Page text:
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Kid-friendly Feature Stories

Showing stories 961-970 out of 1261 stories.
<< < 92 | 93 | 94 | 95 | 96 | 97 | 98 | 99 | 100 | 101 > >>

31-May-2007
Walking lessons from orangutans
In the typical picture of human evolution, a gorilla- or chimp-like ape, dragging its knuckles on the ground, gradually straightens up and turns into a modern human standing on two legs.

Contact: Science Press Package
scipak@aaas.org
202-326-6440
American Association for the Advancement of Science

24-May-2007
The amazing baby brain
If you were watching television with the sound turned off, do you think you could tell what language the actors were speaking in? Babies can, according to new research. At least, they can tell whether a face is speaking their native language or a foreign language.

Contact: Science Press Package
scipak@aaas.org
202-326-6440
American Association for the Advancement of Science

21-May-2007
Paradise for fossil hunters
Svalbard, also known as Spitsbergen, is a paradise for fossil hunters. Numerous footprints and tracks have been discovered in recent years. Last autumn, scientists found the first complete skeleton of one of the largest carnivores ever to walk the earth!

Contact: Knut van der Wel
kw@rcn.no
47-220-37353
The Research Council of Norway

17-May-2007
You won't hear this Nemo on American Idol
While the animated fish Nemo talks, real clownfish aren't ready to appear on the television show American Idol. The real Nemos -- clownfish -- only make "chirps" and "pops." Upon hearing it, Simon would say "that's ghastly."

Contact: Science Press Package
scipak@aaas.org
202-326-6440
American Association for the Advancement of Science

10-May-2007
Bat flight secrets revealed
Scientists have discovered how bats' wing motions help them stay in the air. The research shows that bats and birds use their wings quite differently.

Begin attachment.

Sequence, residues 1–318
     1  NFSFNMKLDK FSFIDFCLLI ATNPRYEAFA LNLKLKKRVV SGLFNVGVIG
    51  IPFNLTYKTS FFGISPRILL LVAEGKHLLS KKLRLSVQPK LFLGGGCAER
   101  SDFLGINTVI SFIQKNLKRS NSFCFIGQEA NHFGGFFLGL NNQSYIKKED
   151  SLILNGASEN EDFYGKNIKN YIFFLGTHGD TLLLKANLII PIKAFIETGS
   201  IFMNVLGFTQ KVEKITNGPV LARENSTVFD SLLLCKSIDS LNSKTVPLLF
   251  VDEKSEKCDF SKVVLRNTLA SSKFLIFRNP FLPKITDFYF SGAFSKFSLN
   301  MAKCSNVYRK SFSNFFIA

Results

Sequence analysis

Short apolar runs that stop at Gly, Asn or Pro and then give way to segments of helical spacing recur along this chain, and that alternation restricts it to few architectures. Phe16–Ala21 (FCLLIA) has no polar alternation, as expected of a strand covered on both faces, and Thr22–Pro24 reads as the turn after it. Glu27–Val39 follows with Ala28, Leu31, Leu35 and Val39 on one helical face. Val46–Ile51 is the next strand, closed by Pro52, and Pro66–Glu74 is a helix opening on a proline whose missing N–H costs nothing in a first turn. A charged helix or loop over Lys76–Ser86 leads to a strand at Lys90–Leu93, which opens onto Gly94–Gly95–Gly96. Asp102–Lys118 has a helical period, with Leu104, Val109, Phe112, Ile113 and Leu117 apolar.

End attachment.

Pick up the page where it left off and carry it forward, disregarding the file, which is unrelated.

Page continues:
Contact: Science Press Package
scipak@aaas.org
202-326-6440
American Association for the Advancement of Science

3-May-2007
Mercury's core issues
The inside of the tiny planet Mercury has long been a mystery, but scientists have now begun to solve it. A new study shows that the Mercury's core is at least partially liquid, or "molten," just like Earth's core is.

Contact: Science Press Package
scipak@aaas.org
202-326-6440
American Association for the Advancement of Science

2-May-2007
LEMELSON-MIT Program and Museum of Science celebrate the inventive spirit with first-ever Eurekafest
With a generation of science and engineering professionals nearing retirement, inspiring and cultivating younger inventors is critical to the future well-being of the nation and quality of life on the planet. Today, the Lemelson-MIT Program, in partnership with the Museum of Science, Boston kicks off EurekaFest, a multi-day celebration of the inventive spirit that is designed to empower a legacy of inventors through activities that inspire youth, honor role models, and encourage creativity and problem solving.

Contact: Melissa Makofske
melm@mit.edu
617-452-2170
Lemelson-MIT Program

2-May-2007
Science inside a glacier
Researchers have set up a laboratory inside a glacier called Svartisen, which is Norwegian for "black ice." Having a laboratory located inside the glacier allows them to make important discoveries.

Contact: Knut van der Wel
kw@rcn.no
47-220-37353
The Research Council of Norway

26-Apr-2007
Marine snow measured in the twilight zone
Researchers measuring the amount of carbon that passes through the ocean's "twilight zone," found striking differences from two areas in the Pacific Ocean that could have a large effect on calculations of the amount of carbon stored in the deep ocean. An international team of researchers led by Ken Buesseler developed a new tool to accurately measure the carbon in the twilight zone, and used the tool to study the twilight zone near Hawaii and in the northwest Pacific Ocean.

Contact: Science Press Package
scipak@aaas.org
202-326-6440
American Association for the Advancement of Science

25-Apr-2007
The 'Elvis experiments'
On April 30, some 75 students and 23 teachers will use tubing, beakers and liquids of varying thickness to simulate the flow of blood in vessels to mimic some of the ways in which human blood travels 60,000 miles per day on its journey through the arteries, arterioles and capillaries and back through the venules and veins. The students will learn how diet can affect blood flow/pressure. Can Elvis be saved?

Contact: Donna Krupa
DKrupa@the-APS.org
301-634-7209
American Physiological Society

Showing stories 961-970 out of 1261 stories.
<< < 92 | 93 | 94 | 95 | 96 | 97 | 98 | 99 | 100 | 101 > >>

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